Cruising combines port city tours, gourmet food, high-quality entertainment and luxury accommodations. Cruise ships can have upward of 14 deck levels, and each level has its benefits and drawbacks.
The cabin is your home away from home on a cruise ship. Although the cabin is mainly only a place to sleep, location can greatly enhance or detract from the vacation experience.
Cruise ships' deck plans are often similar, with pools, walking trails and sun decks at the highest level of the ship. The main restaurants, discos and shops are usually on the bottom decks.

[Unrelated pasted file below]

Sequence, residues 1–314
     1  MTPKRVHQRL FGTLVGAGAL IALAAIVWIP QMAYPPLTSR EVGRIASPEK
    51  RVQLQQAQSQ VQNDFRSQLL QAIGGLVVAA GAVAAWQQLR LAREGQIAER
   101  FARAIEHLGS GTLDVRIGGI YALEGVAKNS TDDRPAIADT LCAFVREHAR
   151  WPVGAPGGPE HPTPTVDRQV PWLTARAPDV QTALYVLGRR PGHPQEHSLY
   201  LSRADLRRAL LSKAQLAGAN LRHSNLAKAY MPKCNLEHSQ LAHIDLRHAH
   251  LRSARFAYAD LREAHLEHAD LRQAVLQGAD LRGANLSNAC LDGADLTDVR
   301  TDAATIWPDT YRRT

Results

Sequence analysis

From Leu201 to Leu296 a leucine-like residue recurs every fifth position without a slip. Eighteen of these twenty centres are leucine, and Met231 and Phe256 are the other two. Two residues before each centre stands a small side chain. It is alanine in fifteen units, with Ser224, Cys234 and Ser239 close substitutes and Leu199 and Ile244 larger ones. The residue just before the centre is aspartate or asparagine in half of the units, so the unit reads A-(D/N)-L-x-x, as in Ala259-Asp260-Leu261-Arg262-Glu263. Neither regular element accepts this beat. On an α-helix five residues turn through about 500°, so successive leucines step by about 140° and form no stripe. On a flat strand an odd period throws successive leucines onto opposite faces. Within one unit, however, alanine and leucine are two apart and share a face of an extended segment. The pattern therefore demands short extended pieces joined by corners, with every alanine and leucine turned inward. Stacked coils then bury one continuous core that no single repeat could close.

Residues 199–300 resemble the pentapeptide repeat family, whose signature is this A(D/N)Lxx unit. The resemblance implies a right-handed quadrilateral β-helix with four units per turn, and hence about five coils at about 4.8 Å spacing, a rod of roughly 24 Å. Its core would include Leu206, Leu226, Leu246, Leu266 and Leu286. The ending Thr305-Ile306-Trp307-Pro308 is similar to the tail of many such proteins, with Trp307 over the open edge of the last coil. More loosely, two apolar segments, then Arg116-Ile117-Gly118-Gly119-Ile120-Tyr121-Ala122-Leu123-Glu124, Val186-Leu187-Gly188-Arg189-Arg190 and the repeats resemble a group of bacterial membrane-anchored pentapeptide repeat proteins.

Upper decks provide the least rocking. They are close to the buffet and pool. Cabins on the lower deck levels get quicker access to disembarkation because all travelers must exit from the bottom of the ship.
The lower the deck level, the closer to sea level (and sea sickness). But an upper deck cabin, especially one close to the main buffet or pool, can be noisy. Lower level cabins run the risk of being underneath popular walkways so there might be noise overhead.
Cruise ship room prices are not charged by deck level but by room type (interior, ocean view, balcony), so choose what would best satisfy your sensibilities.